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James G
Sun, Oct 18, 2020, 1:48pm (UTC -5)
Re: TNG S6: Tapestry

Something a bit different. I profoundly dislike the idea of Q due to its apparent reliance on the supernatural, yet paradoxically, I always enjoy the Q episodes. This one has the interesting twist that while Q may be as thoroughly irritating and patronising as usual in his manner, he's actually doing Picard a big favour.

Quite a low key episode but I guess you can't have the Enterprise in grave danger or a face-off with the Romulans every time.

The old Starfleet uniforms are horrible, aren't they? And the dynamic between young Picard and his friends is a little bit overcooked.

Still - I liked it.
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James G
Sat, Oct 17, 2020, 4:34pm (UTC -5)
Re: TNG S6: Face of the Enemy

There's a lot to like about this one. It's very interesting to see the internal politics of the Romulans, and I found the revelation that they have a sort of Gestapo, feared throughout the military and civilian population alike, darkly, deliciously sinister.

I also liked that the Romulan captain is a bit more complicated and three-dimensional than your usual Romulan villain. I started to wonder whether she might defect after it transpired that her father had been killed as a traitor. The dynamic between Deanna and the captain reminds me, initially, of Ferraday and Jones in 'Ice Station Zebra' - it's Ferraday's ship, but Jones has effectively been put in charge due to the secrecy and criticality of the mission. But then of course it descends into outright hostility.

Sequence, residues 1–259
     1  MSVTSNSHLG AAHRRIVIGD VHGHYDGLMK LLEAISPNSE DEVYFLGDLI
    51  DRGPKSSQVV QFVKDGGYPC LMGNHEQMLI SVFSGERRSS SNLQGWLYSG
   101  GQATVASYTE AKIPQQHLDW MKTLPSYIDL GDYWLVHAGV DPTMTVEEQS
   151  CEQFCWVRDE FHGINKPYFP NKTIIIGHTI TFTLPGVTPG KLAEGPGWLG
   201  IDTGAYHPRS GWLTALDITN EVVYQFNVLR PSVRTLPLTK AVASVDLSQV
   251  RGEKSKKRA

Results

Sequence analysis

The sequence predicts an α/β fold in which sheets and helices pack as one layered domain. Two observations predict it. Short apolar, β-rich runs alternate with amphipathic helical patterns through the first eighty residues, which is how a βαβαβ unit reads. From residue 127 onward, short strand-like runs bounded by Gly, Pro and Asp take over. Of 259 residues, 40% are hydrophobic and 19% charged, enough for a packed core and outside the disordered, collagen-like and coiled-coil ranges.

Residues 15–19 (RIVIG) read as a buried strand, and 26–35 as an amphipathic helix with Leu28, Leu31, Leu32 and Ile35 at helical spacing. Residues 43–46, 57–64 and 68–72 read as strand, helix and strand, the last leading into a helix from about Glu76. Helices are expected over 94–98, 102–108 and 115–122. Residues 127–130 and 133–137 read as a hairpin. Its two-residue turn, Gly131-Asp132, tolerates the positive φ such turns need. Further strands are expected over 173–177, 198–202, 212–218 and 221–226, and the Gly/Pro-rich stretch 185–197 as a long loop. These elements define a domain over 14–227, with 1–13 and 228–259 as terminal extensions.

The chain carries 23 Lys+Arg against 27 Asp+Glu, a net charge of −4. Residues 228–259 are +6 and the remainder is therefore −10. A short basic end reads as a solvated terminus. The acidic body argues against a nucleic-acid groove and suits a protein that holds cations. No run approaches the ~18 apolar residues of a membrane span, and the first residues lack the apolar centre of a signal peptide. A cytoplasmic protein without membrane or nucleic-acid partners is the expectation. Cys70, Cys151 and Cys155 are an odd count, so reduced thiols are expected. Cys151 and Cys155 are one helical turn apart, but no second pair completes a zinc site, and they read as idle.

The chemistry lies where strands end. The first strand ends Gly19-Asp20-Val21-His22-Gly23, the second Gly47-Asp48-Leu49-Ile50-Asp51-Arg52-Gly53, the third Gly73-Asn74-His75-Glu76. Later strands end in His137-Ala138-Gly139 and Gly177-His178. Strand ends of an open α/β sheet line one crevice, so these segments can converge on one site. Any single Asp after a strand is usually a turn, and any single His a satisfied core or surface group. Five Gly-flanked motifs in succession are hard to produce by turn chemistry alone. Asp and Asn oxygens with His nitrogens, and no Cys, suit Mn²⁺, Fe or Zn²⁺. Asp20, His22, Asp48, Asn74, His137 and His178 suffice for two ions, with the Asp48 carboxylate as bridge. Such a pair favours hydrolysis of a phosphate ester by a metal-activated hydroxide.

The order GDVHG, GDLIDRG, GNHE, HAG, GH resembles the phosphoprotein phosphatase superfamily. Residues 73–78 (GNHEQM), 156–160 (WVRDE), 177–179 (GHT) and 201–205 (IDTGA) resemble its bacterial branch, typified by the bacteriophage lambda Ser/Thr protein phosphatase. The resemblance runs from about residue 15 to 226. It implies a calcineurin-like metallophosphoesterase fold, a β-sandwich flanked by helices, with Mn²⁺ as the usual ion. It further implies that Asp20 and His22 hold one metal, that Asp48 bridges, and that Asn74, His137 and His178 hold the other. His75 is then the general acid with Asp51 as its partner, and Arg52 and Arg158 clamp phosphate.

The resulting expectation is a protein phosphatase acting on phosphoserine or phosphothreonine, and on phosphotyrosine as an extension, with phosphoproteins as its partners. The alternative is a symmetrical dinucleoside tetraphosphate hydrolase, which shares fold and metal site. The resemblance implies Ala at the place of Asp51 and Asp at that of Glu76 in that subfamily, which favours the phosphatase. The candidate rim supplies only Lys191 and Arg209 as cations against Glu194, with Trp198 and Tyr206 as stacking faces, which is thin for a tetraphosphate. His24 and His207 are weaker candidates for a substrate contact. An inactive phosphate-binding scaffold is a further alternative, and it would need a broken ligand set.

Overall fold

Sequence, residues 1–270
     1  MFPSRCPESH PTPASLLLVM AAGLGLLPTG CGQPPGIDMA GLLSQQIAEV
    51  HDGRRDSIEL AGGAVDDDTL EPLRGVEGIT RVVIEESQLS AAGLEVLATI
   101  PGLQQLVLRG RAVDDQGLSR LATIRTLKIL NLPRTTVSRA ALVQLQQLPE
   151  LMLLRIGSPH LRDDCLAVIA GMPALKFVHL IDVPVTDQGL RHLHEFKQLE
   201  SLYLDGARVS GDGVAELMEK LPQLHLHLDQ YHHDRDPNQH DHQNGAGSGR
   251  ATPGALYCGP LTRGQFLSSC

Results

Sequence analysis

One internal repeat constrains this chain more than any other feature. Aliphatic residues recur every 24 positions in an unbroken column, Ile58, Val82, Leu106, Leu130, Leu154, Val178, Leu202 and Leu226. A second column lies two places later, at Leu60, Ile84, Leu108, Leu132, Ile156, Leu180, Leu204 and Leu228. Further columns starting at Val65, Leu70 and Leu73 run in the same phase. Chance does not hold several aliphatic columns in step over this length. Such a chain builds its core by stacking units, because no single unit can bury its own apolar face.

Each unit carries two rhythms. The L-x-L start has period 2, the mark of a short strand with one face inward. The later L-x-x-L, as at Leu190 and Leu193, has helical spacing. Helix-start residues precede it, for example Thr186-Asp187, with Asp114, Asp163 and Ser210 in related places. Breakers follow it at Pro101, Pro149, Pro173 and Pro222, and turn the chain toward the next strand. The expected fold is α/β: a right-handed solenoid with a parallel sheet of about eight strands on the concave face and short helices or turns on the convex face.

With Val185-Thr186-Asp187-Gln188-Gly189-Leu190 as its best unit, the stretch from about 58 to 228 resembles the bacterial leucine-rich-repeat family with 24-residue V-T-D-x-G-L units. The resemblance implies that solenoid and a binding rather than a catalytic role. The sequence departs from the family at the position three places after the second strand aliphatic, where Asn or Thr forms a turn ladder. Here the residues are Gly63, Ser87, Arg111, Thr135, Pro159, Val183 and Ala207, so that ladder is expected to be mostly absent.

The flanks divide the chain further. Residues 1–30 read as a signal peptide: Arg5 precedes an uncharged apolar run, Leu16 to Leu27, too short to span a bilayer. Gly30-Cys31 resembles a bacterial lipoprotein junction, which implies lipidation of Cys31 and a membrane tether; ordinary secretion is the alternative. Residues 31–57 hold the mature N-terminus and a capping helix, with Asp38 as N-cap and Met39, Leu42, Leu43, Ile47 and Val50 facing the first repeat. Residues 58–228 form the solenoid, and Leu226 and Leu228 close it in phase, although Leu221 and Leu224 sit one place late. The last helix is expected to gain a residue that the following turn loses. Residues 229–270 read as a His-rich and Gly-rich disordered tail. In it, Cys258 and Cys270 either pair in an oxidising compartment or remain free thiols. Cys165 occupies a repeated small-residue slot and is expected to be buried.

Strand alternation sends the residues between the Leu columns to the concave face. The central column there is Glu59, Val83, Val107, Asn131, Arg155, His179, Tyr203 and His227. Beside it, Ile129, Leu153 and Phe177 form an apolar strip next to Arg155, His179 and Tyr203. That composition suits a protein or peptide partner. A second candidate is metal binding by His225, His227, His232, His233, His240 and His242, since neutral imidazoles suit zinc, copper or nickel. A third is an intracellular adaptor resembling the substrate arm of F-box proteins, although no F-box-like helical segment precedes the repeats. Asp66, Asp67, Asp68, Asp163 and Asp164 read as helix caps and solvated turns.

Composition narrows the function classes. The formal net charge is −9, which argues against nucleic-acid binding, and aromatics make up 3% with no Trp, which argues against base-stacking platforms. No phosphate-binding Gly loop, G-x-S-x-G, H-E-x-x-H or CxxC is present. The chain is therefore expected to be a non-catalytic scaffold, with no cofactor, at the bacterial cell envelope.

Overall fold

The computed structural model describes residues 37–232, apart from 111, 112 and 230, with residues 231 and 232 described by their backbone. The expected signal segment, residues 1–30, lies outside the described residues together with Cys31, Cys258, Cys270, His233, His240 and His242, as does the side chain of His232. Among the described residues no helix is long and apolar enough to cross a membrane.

Speaking of traitors - DeSeve. Again, a moral ambiguity that I really liked. He's clearly betrayed the Federation even though he's trying to be useful, yet he's not really shown as a villain. It's good that we're introduced to the idea that someone might defect to the Romulans for moral reasons. A Federation traitor could easily have been painted with the villain brush, or the writers might not have wanted to entertain the idea of a Starfleet ensign committing treason in the first place. It's a detail that makes the TNG universe that bit more interesting and nuanced.

When Deanna is asked for the access codes for the Starfleet sensor nets I assumed that the whole thing was a setup to get them off her, a bit like Riker in 'Future Imperfect' (although that turns out to be something else entirely, of course).

The Romulan captain looked so familiar, but I couldn't work out where I'd seen her - so as soon as I'd finished watching I did a bit of judicious googling to find out. Not only was she Mirasta Yale from 'First Contact', but none other than the famous Carolyn Seymour! Carolyn played a character called Abby in a mid-'70s BBC show called 'Survivors' as well as a few other memorable parts 40-odd years ago. I never recognised her when I saw 'First Contact', perhaps partly because she affects an American accent in that one. In this one because she's supposed to be a bit evil, her usual English accent is encouraged. None taken.

I thought the conclusion was a bit easy and lame, quite honestly. And I don't think Marina Sirtis (or Deanna if you like) was a good choice for a badass Gestapo figure. Maybe Ro would have worked better. Or even O'Brien. But it's a very enjoyable episode.
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Undesirable Element
Fri, Oct 16, 2020, 9:48am (UTC -5)
Re: DSC S3: That Hope Is You, Part 1